"squeezed." I also believe that there is a good deal of truth in what he
said about their females being supplied with large funds by the
magistrates. The money must come from some part, and since, personally,
they are poor and only receive a small pay, there is no doubt that the
money in question is extorted as described. But let this suffice for the
good and bad qualities of the Cho-sen fairies and their funny way of
being married.

[Illustration: THE MARK]


Painting in Seoul--Messages from the king--Royal princes sitting for
their portraits--Breaking the mourning law--Quaint notions--Delight and
despair--Calling in of State ceremony--Corean soldiers--How they mount
guard--Drill--Honours--A much admired shoe--A gift.

I had made so many sketches in Seoul, that at last a rumour reached the
Court of the rapidity with which I portrayed streets and people. The
consequence was that both king and princes were very anxious to see what
"European painting" was like, as they had never yet seen a picture
painted by a European; so one fine day, to my great astonishment, through
the kindness of Mr. Greathouse and General Le Gendre, I was able to
induce one of the Queen's nephews, young Min-san-ho, to sit for his
likeness in his Court dress. The picture, a life-size one, was painted in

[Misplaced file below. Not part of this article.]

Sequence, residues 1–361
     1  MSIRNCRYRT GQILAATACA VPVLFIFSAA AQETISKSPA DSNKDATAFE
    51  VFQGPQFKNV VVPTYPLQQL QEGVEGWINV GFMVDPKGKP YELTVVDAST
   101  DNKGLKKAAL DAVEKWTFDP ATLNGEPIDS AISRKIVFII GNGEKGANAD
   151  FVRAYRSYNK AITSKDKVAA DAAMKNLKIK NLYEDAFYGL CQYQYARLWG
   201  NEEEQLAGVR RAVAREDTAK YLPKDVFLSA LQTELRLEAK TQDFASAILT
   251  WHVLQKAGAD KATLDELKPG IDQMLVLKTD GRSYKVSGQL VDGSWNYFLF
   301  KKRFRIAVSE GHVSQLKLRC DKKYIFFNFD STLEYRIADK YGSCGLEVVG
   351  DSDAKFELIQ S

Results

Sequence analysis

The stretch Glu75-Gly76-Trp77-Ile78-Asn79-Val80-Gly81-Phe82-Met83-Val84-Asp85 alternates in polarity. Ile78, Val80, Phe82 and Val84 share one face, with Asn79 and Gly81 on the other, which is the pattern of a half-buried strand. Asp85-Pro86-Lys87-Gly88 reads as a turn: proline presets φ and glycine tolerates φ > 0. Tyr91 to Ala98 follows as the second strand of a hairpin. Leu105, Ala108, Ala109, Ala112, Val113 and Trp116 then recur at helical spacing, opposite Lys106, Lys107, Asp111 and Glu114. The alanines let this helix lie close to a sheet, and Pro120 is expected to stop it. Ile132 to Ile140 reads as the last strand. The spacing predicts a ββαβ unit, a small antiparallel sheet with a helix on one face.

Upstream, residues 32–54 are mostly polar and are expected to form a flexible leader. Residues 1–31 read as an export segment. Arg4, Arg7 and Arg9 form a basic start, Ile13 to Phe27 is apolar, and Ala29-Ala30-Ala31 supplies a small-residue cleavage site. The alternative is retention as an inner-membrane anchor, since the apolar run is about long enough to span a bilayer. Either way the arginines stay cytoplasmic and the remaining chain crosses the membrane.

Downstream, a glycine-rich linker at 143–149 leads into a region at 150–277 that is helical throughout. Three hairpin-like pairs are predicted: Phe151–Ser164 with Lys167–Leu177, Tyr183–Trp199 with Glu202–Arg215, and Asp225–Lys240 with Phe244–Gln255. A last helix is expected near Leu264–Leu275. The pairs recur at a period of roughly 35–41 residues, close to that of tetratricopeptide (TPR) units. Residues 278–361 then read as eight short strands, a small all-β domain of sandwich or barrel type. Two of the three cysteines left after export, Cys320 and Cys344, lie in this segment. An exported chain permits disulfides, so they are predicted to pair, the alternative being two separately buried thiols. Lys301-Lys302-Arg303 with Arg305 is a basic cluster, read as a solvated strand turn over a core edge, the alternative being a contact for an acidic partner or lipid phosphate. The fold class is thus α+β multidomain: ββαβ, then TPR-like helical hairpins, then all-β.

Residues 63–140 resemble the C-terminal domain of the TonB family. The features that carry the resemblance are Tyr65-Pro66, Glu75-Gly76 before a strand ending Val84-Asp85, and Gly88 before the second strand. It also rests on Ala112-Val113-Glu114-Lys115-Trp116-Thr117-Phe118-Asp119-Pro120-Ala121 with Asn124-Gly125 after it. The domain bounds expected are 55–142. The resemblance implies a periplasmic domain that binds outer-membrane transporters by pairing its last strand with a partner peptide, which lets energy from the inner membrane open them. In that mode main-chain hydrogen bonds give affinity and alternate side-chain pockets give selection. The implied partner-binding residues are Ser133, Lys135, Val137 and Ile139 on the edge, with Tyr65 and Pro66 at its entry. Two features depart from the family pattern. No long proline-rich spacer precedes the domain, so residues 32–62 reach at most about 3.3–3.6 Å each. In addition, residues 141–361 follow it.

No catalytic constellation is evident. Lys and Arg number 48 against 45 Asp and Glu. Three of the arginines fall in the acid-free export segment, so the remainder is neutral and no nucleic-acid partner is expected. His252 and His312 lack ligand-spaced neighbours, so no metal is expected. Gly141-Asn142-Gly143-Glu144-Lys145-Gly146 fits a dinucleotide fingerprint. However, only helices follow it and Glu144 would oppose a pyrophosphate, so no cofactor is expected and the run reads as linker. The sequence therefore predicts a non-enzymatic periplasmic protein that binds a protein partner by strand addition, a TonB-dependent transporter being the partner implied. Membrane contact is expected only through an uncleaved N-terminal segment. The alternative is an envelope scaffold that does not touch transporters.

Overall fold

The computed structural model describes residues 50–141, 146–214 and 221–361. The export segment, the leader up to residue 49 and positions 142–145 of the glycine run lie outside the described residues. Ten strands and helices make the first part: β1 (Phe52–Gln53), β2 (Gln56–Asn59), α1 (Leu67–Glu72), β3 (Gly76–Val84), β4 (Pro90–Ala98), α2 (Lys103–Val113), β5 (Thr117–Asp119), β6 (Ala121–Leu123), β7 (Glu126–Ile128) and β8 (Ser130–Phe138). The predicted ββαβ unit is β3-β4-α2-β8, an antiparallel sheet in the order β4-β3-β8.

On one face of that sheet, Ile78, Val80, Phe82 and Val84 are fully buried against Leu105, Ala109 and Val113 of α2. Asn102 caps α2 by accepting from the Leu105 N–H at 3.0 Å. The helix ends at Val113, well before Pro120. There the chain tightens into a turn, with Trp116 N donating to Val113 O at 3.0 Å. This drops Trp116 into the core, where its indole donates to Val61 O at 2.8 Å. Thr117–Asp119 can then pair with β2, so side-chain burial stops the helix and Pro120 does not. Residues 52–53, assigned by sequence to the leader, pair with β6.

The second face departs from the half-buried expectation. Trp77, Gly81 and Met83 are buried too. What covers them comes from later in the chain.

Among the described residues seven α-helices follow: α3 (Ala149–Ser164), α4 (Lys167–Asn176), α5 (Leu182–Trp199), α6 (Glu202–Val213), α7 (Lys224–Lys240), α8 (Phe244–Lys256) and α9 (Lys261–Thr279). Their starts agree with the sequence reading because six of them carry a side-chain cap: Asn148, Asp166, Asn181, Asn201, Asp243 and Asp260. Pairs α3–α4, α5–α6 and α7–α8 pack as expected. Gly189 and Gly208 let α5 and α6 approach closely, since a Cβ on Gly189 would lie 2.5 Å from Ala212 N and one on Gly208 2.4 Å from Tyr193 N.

the course of an afternoon and was pronounced a success by my Corean
critics. In Cho-senese eyes, unaccustomed to the effects of light, shade,
and variety of colour in painting, the work merited a great deal of
admiration, and many were the visitors who came to inspect it. It was
not, they said, at all like a picture, but just like the man himself
sitting donned in his white Court robes and winged cap. So great was the
sensation produced by this portrait, that before many days had passed
the King ordered it to be brought into his presence, upon which being
done he sat gazing at it, surrounded by his family and whole household.
The painting was kept at the Palace for two entire days, and when
returned to me was simply covered with finger marks, royal and not royal,
smeared on the paint, which was still moist, and that, notwithstanding
that I had been provident enough to paste in a corner of the canvas a
label in the Corean language to the effect that fingers were to be kept
off. The King declared himself so satisfied with it that he expressed the